Dental Radiographs (X-Rays)
Dental radiographs, also known as dental X-rays, are important diagnostic tools in pediatric dentistry. Dental radiographs allow Dr. Day to see and treat problems like childhood cavities, tooth decay, orthodontic misalignment, bone injuries, and bone diseases. These issues would be difficult (in some cases impossible) to see with the naked eye during a clinical examination.
The American Academy of Pediatric Dentistry (AAPD) approves the use of dental radiographs for diagnostic purposes in children and teenagers. Radiographs emit only tiny amounts of radiation and are safe to use on an occasional basis.
What are dental X-rays used for?
Some of the main purposes of X-rays are:
Assessing the amount of space available for incoming teeth
Checking whether primary teeth are being shed in good time for adult teeth to emerge
Evaluating the progression of bone disease
Monitoring and diagnosing tooth decay
Planning treatment (especially orthodontic treatment)
Revealing bone injuries, abscesses, and tumors
Revealing impacted wisdom teeth
When will my child need dental X-rays?
Each child is different. Children with a higher-than-average risk of tooth decay may need X-rays twice a year to monitor changes in their teeth. Likewise, children who are at high risk for orthodontic problems may also need sets of X-rays taken more frequently for monitoring purposes.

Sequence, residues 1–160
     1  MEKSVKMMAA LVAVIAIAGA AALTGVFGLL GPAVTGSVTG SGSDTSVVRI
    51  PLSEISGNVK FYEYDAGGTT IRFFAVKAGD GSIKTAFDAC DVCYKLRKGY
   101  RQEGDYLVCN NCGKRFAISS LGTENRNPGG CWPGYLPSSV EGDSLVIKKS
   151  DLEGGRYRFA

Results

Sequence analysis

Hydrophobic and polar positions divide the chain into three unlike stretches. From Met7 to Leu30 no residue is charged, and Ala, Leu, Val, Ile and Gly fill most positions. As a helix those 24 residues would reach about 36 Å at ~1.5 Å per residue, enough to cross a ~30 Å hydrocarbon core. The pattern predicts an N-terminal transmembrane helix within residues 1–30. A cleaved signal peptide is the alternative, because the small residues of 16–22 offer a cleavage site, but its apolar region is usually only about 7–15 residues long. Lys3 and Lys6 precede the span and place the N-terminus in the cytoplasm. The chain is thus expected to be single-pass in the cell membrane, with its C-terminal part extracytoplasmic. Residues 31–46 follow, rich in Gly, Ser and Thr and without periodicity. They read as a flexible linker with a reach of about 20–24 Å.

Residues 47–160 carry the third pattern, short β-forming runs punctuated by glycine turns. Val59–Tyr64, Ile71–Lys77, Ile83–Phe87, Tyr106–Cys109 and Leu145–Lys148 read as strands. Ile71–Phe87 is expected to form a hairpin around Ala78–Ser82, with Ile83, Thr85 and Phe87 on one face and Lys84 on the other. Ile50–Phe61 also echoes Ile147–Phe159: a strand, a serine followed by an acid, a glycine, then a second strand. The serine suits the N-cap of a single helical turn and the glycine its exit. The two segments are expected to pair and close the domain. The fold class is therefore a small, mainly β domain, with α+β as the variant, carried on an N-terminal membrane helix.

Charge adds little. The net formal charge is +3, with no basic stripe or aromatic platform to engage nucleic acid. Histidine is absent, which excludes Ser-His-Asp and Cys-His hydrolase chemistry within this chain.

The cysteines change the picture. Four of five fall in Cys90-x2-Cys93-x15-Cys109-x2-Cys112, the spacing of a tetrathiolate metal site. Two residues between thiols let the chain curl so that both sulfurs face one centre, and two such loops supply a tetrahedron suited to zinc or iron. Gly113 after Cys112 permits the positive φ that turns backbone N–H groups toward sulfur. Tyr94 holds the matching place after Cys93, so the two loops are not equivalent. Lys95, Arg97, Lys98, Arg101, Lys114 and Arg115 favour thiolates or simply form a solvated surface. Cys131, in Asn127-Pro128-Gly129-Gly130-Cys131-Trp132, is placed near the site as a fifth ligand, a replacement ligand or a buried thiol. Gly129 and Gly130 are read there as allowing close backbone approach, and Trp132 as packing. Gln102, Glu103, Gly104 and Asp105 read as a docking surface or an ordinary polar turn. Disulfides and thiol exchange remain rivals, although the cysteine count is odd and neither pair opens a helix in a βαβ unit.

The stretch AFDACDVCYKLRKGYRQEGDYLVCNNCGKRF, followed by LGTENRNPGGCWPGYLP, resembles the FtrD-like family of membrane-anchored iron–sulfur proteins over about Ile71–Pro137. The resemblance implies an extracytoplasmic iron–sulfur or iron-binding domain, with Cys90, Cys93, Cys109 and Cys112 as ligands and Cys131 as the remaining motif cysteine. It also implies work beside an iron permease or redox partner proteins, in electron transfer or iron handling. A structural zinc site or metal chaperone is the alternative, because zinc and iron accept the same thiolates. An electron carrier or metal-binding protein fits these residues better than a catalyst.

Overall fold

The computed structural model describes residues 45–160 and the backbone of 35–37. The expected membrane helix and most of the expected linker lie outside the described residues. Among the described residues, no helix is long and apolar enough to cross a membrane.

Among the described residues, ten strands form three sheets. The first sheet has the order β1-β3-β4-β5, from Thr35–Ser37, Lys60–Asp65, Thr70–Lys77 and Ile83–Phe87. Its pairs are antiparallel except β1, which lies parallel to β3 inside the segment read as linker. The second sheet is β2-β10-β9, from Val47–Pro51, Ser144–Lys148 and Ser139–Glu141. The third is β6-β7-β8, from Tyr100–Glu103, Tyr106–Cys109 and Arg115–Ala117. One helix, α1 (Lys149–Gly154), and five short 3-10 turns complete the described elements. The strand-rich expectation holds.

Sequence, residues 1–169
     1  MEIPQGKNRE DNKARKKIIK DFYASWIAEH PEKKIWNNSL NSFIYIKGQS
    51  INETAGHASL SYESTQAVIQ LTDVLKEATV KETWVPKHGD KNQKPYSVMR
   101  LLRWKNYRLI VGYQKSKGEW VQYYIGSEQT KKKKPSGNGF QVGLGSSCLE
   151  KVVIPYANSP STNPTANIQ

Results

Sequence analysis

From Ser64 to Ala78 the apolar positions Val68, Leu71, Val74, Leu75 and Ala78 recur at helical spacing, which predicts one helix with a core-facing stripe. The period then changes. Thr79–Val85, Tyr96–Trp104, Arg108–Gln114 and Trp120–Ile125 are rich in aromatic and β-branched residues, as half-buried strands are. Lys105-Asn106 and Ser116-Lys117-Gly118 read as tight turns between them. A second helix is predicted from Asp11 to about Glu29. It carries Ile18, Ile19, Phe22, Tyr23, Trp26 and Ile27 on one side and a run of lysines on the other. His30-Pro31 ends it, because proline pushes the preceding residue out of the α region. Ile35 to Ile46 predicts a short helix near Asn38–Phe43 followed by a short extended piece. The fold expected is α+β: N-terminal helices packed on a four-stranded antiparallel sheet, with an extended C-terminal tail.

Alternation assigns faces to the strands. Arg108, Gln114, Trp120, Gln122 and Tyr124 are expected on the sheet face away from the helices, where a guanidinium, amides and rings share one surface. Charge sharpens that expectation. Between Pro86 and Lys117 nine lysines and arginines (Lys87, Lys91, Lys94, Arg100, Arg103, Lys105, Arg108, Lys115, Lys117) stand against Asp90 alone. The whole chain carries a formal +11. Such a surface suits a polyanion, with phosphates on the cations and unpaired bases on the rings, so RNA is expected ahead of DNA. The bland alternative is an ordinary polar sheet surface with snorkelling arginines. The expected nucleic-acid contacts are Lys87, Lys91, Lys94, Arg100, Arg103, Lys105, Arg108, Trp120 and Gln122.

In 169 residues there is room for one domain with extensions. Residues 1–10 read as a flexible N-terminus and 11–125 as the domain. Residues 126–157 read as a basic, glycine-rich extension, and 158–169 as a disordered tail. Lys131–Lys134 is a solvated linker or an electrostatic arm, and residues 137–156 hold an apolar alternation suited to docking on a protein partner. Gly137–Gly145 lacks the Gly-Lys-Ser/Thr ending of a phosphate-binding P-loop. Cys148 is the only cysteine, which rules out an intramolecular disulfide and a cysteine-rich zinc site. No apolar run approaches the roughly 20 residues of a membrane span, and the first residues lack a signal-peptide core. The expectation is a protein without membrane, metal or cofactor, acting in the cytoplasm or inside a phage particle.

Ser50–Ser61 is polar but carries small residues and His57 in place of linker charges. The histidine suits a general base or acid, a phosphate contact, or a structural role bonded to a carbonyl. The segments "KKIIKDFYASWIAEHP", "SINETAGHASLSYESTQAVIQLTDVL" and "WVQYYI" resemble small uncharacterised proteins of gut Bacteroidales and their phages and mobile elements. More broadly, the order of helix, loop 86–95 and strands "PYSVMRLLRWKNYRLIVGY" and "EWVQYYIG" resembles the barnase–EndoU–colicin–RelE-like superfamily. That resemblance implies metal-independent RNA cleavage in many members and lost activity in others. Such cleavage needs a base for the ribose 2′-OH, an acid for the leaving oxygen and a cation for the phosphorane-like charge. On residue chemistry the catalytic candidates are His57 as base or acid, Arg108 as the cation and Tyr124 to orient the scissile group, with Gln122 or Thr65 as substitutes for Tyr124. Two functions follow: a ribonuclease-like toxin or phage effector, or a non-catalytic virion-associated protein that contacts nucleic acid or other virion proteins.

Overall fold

Children who are at average or below average risk for tooth decay and orthodontic problems should have a set of dental X-rays taken every one to two years. Even in cases where Dr. Day suspects no decay at all, it is still important to periodically monitor tooth and jaw growth, primarily to ensure there is sufficient space available for incoming permanent teeth.
If your child has experienced oral trauma or injury, Dr. Day may want to X-ray his/her mouth immediately.
What precautions will be taken to ensure my child’s safety?
Though dental radiographs are perfectly safe for use on children, Dr. Day and his team take several precautions. First, your child will be covered in a lead apron to protect the body from unnecessary exposure. Second, Dr. Day and his team will use shields to protect the parts of the face that are not being X-rayed. Finally, Dr. Day and his team use high-speed film to reduce radiation exposure as much as possible.
If you have questions or concerns about dental radiographs or X-rays, please contact our office at 517-393-8500.
Day Family Dental
Dr. Nathan Day, DMD • Dentist • Lansing, MI